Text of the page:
Let me take an example about lions because lions are the animals that tend to affect people in Kenya the most. There is a programme in place right now where donors put money into a certain fund and if their cow is killed by a lion they get compensation. So they are not keen on killing the lion anymore. But sometimes they want to kill the lion because the cows, goats and sheep are valuable to them. Lions are the big killers, and this compensation programme has gone a long way and it has been implemented in tourism areas.   


Q   Sri Lanka also has a compensation scheme but the money is not enough to construct a damaged house, leave aside the crops. So do you think it would work here?

Compensation could work if the elephants destroy crops but where is this money coming from? It is very rarely that houses get damaged in Kenya and the cost of constructing a hut is quite cheap. In Sri Lanka, the farmers are not contributing to tourism as such. But the Masai warriors contribute because they are in the tourism area and tourists even visit their village. The money comes from lodgers, well-wishers and foundations who are interested in conservation. Because if a lion is killed, a luxury camp will not have their guests coming in, so they value the animal because that is part of their wealth.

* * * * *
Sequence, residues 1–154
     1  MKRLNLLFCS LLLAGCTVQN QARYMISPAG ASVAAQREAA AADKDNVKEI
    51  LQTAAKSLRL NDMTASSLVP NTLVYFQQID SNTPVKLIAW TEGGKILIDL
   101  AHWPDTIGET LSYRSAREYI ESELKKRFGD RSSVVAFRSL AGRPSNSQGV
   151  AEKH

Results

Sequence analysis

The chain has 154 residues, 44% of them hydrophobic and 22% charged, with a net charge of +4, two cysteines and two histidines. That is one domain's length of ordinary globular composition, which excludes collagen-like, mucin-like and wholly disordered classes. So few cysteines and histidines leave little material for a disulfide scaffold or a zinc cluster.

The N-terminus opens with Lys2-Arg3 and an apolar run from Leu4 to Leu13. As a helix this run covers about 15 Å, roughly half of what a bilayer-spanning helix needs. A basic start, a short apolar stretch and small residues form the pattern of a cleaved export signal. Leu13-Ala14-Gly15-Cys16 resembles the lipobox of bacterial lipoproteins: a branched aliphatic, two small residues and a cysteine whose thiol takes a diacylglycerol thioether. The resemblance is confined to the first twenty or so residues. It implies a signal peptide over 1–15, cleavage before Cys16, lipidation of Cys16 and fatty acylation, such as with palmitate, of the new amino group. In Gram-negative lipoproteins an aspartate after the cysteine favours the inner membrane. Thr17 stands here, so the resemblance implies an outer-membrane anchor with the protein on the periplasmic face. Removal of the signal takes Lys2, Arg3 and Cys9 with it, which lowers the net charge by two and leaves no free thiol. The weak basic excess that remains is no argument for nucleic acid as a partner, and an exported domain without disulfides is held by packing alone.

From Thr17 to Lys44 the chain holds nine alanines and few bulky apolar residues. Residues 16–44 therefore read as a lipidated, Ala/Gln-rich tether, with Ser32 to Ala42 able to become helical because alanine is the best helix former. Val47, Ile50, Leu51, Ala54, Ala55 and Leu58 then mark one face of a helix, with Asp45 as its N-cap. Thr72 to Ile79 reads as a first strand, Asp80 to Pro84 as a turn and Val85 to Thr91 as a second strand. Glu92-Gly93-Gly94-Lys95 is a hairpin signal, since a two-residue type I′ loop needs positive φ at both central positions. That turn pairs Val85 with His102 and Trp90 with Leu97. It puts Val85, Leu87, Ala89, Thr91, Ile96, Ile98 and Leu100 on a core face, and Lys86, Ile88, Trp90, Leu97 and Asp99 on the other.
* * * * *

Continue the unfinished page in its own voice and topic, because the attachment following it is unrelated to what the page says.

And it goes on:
Q   Since you are in the safari industry, how important is it to have nature interpretation programmes such as what has been initiated by the WNPS?